Without controlling for other factors, a statement is over three times more likely to be held to be testimonial when it is made to a state actor. Section II.C shows that the results are not quite so pronounced when one controls for other variables. Nonetheless, considering that the Crawford line has not placed a great deal of explicit emphasis on state action, these results are striking.
Less strikingly, the data also reflect different outcomes in cases where an injured party is involved in the events surrounding the statement. Figure 3 shows the outcomes in injured-party cases relative to non-injured-party cases.
Figure 3 shows that statements are, without controlling for other factors, less likely to be held to be testimonial when an injured party is involved. The results are most pronounced under Specification A, where an injury is defined as a shooting, stabbing, or other injury requiring immediate medical assistance. The presence of an injury should matter if courts are following the Crawford line. Davis stressed response to an ongoing emergency, (201) presumably in many cases a medical emergency. Bryant made this point explicit-emphasizing that physical injury plays a significant role in evaluating the testimonial status of statements. (202)
The reader might notice that the results in Figure 3 vary depending on how an injury is defined. When one includes not only shootings, stabbings, and other injuries requiring medical attention, but also kicks and punches, the results are weaker. Figure 4 explores the result further, showing the results by type of injury.
Crawford provides some reason to view different injuries differently. If the police see a victim with a black eye, they might respond more calmly and with greater investigatory emphasis than if they had found a victim with a gunshot wound. Statements made under those circumstances look more like substitutes for live testimony produced through the kind of ex parte examinations that troubled the Framers and the Crawford Court.
The results in Figure 4 suggest something different--when there is a slight injury, statements are more likely to be held to be testimonial than when there is no injury at all. This seemingly odd result is plausibly explained by the role of state action. Statements made around a slight injury are more likely to be made to state actors than statements made when there is no injury. (203) The role of state action may be overwhelming the effect of an injured party. To more fully disentangle the relative effects of state action and injury requires something more than description. To control for state action and injury--to fully evaluate the interaction of all the variables at play--I employed logistic regression.
C. Stepwise Logistic Regression Analysis
Regression analysis is a method for sorting and analyzing data. (204) The researcher assumes that a very general form of relationship exists between variables and attempts to estimate the parameters in that relationship. For example, a researcher might believe that an individual's salary depends on her level of education, gender, and height. Regression analysis allows the researcher to estimate, from a set of data about individuals' salaries, education levels, genders, and heights, how a change in one independent variable will affect salary.
Logistic regression is a particular type of regression. (205) Logistic regression is useful when the researcher hopes to explain the relationship between several explanatory variables and a binary dependent variable. (206) A binary variable is one that takes only two states. Whether someone has completed high school, for example, is a binary variable. A person either completes or does not complete high school. There is no third option. I employed logistic regression because the dependent variable in nay analysis--whether a statement is found to be testimonial--takes only two values.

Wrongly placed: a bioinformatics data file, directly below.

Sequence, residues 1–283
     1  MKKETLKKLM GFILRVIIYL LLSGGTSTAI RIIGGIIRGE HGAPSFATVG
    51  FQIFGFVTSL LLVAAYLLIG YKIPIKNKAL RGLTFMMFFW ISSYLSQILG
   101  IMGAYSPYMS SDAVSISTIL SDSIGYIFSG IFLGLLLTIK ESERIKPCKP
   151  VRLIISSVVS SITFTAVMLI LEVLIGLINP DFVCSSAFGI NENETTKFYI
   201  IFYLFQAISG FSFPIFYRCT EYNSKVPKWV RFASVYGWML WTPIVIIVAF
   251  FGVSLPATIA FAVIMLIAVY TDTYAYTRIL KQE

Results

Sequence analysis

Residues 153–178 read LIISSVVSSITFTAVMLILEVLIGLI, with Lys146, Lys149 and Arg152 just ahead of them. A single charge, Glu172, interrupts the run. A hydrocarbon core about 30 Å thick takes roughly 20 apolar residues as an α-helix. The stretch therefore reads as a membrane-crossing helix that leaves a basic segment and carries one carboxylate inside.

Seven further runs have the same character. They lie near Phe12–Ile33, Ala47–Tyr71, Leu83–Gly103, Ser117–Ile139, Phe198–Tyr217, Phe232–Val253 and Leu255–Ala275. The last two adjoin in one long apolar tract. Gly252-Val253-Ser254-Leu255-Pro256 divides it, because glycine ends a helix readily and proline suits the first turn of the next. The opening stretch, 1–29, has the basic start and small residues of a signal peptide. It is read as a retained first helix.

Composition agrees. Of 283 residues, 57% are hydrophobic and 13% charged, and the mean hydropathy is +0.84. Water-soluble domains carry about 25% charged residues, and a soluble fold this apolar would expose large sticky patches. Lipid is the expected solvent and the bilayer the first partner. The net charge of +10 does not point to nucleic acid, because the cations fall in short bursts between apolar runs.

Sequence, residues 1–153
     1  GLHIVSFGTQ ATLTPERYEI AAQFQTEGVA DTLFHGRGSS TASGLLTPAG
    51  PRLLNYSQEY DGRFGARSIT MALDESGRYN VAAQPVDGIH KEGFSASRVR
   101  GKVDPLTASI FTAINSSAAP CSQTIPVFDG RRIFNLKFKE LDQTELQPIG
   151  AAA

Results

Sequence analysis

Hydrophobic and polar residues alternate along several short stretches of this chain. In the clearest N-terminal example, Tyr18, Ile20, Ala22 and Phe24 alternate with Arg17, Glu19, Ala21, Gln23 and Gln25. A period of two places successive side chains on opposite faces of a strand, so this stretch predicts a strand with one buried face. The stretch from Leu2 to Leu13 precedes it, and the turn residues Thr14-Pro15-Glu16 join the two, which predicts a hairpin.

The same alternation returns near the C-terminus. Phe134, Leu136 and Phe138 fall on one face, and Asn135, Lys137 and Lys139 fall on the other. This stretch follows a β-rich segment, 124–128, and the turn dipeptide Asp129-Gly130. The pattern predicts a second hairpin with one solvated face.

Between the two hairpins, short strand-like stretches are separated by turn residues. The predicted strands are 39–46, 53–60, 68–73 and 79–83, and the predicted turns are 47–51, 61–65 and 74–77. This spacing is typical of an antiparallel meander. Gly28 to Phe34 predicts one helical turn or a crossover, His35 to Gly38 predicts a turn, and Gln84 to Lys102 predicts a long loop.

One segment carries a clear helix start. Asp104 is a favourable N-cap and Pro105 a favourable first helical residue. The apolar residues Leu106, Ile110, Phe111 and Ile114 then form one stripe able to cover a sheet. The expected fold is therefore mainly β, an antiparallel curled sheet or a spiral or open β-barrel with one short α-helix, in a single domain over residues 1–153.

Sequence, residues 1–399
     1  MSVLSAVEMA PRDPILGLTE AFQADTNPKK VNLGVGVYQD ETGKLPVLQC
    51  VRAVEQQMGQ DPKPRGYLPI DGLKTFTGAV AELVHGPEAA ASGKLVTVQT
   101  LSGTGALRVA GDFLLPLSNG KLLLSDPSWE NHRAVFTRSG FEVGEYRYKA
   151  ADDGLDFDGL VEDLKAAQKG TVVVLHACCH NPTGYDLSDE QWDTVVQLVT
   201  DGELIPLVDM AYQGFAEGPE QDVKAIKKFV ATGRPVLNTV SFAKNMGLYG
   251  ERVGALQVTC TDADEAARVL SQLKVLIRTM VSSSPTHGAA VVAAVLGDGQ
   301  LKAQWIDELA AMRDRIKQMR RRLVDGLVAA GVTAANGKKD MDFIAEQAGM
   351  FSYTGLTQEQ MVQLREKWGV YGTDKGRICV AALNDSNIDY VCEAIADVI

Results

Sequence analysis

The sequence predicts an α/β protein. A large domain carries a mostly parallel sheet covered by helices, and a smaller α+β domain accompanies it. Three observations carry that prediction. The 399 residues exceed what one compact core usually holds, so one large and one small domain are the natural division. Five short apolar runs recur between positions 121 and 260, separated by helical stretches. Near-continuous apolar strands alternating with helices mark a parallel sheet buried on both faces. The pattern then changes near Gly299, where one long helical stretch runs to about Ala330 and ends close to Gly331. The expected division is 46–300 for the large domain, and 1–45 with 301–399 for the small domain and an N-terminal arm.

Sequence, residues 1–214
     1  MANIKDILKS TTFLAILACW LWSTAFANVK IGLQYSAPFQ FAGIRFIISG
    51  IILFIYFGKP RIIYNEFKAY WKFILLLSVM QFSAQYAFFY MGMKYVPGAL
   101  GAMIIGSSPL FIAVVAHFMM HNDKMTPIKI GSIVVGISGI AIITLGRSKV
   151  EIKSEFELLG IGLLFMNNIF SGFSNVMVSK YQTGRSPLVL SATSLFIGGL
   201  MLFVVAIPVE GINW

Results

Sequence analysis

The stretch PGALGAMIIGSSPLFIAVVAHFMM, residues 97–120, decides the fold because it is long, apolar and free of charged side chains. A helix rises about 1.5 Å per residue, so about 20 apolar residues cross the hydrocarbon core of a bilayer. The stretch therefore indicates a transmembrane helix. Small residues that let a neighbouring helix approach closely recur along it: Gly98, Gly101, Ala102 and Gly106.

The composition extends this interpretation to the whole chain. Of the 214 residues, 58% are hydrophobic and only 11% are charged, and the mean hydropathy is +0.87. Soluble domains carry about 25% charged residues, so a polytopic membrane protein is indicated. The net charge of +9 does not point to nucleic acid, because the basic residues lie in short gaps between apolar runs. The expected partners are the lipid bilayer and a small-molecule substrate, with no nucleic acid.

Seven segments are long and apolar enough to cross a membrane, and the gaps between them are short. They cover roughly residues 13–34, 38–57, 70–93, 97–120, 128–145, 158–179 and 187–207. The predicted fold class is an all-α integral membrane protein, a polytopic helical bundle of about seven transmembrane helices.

Stepwise regression adds a final nuance to regression analysis. Imagine a scenario where a researcher is addressing a new problem without background knowledge. For example, the researcher has collected a great deal of data about death penalty defendants and wishes to know which of several hundred characteristics affect the probability of an execution. The researcher may not have enough data to run a useful regression analysis with all the variables. Stepwise regression takes several iterative steps that narrow down the set of variables to those explanatory variables which have a statistically significant relationship with the dependent variable. There are several different methods of stepwise regression. Some methods select variables into the final specification. These methods, known as forward selection, add variables to the specification in descending order of significance. The selection process ends when all statistically significant variables have been added. Other methods select variables out of the specification until all statistically insignificant variables have been eliminated. Stepwise regression thus helps avoid sample size problems by reducing the number of independent variables in the final regression specification. With fewer variables, fewer observations are required to have confidence in the resulting estimates. (207) Stepwise regression has been used frequently in empirical legal scholarship. Without using stepwise regression, the sample size here would be relatively small. There would be fewer than five events per variable--i.e., fewer than five occurrences of a statement being found testimonial for each independent variable. A sample that small would dramatically reduce confidence in the results. Stepwise regression eliminated statistically insignificant variables, resulting in more events per variable--more occurrences of a testimonial statement for each independent variable--in the final regression specification, thus allowing me to more accurately estimate the true relationship between the variables.